Pretoria – The SA Democratic Teachers Union (Sadtu) was fingered as the main culprit in a damning report into the alleged selling of teachers' posts released on Thursday.
"We are aware of the stronghold of unions in some provinces," Basic Education Minister Angie Motshekga told reporters in Pretoria.
According to her task team’s interim report, government systems have allowed an exploitation of the system, which compromised proper appointments of critical educator posts. The report further says that Sadtu has a "strangle hold" on government, whereby they call the shots.
Motshekga said that, in some provinces, Sadtu appeared to control the government.
She said provinces which had clear lines between themselves and Sadtu were the Free State, Western Cape, Northern Cape and Gauteng.
Those which had compromised their control to Sadtu members were the Eastern Cape, KwaZulu-Natal, Limpopo and Mpumalanga. She said the depth of this investigation revealed widespread problems.
"Some provinces do have cordial relationships with clear lines of authority between unions and government.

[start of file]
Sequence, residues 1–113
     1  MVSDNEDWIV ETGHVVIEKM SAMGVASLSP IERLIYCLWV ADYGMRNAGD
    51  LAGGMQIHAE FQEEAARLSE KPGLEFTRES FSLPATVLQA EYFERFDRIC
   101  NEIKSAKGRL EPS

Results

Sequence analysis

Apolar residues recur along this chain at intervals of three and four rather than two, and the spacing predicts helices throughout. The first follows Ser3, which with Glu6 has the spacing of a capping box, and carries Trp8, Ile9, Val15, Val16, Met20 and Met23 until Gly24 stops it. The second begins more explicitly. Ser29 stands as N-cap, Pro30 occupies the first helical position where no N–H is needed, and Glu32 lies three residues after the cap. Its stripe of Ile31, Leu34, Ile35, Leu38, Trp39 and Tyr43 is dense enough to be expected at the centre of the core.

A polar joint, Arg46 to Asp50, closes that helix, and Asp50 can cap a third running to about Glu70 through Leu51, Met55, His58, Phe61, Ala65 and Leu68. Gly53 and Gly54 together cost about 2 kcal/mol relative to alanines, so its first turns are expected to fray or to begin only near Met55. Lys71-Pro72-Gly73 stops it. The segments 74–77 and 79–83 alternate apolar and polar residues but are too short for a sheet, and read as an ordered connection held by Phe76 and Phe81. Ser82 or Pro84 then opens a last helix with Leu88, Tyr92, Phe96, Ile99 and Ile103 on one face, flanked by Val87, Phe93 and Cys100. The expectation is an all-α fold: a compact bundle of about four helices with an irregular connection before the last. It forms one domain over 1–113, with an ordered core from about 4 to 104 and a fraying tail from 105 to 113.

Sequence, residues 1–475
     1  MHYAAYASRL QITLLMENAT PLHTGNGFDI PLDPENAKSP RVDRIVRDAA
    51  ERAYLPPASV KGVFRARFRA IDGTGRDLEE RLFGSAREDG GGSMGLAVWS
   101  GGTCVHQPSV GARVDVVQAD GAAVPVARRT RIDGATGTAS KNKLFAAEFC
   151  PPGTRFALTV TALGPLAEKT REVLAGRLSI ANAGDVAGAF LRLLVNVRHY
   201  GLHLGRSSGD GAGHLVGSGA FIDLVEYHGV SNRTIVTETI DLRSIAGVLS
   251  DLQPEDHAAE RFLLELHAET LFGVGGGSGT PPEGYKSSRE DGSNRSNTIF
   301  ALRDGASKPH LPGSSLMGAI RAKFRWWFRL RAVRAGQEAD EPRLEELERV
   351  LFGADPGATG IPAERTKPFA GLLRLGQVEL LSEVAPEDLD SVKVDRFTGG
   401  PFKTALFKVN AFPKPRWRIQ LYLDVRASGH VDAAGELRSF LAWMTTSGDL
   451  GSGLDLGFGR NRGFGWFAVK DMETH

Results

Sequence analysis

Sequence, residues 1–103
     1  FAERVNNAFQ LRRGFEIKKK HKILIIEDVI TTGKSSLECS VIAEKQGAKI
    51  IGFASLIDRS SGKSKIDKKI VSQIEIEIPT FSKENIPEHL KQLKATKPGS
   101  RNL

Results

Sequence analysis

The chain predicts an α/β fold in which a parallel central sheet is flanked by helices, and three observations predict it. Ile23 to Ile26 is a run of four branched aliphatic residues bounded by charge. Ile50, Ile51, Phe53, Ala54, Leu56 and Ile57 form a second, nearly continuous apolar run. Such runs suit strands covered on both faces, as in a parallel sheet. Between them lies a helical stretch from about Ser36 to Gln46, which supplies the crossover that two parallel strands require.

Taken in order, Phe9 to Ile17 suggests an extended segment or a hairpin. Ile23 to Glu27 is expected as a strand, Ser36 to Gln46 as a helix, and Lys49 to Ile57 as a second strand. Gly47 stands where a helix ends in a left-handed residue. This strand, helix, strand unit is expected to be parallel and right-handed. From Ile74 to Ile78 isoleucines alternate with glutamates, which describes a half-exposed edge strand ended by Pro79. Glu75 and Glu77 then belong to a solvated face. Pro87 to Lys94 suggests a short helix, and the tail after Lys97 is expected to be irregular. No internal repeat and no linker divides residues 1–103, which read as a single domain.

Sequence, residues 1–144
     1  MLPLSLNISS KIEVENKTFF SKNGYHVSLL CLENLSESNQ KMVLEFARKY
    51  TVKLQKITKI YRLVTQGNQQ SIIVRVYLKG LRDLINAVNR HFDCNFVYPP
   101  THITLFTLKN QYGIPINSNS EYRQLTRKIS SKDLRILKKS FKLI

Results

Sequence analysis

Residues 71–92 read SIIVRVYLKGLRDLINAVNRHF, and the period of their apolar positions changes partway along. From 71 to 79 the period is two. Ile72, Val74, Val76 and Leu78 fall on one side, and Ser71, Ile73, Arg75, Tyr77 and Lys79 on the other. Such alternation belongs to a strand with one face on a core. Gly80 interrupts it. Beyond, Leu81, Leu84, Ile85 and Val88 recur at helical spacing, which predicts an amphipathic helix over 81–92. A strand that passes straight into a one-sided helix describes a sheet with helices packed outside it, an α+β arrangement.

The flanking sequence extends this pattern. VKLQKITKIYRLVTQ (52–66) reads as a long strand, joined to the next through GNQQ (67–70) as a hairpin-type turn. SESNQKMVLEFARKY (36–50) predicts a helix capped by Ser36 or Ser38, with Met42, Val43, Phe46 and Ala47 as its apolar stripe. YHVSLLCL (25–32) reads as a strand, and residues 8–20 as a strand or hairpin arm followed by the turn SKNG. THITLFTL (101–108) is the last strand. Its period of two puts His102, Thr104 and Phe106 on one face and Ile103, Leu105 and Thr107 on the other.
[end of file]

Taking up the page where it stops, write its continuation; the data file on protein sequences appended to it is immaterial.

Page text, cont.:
"However, the report indicates that the majority of the provinces are union-run, to an extent that unions appear to control government for selfish reasons which don’t benefit learners or the country," said Motshekga.
She said the government intended to put stringent measures into place to prevent the misuse of processes where unions dominated decisions on teacher and principal appointments.
Chairperson of the task team, John Volmink, said they had investigated 75 cases, and of those, 30 provided grounds for suspicious wrongdoing; while 13 of these case were already strong enough to be passed on to the police.
Arrests were imminent, he said.
His team of 10 core investigators and forensic investigators from Deloitte and Touché investigated 20% of cases in the Eastern Cape, 5% in Gauteng, 24% in KwaZulu-Natal, a staggering 29% in North West, 6% in Mpumalanga and 24% in Limpopo.
This comes after City Press exposed a jobs-for-cash racket run by union officials in the appointment of teachers.
When called for comment, Sadtu deputy general secretary Nkosana Dolopi said they would first study the report before making any statements to the media. Dolopi said they had initiated their own internal investigations after the damning City Press expose.
"We are busy with our own investigation. At the right time, we will reveal the outcome," he said.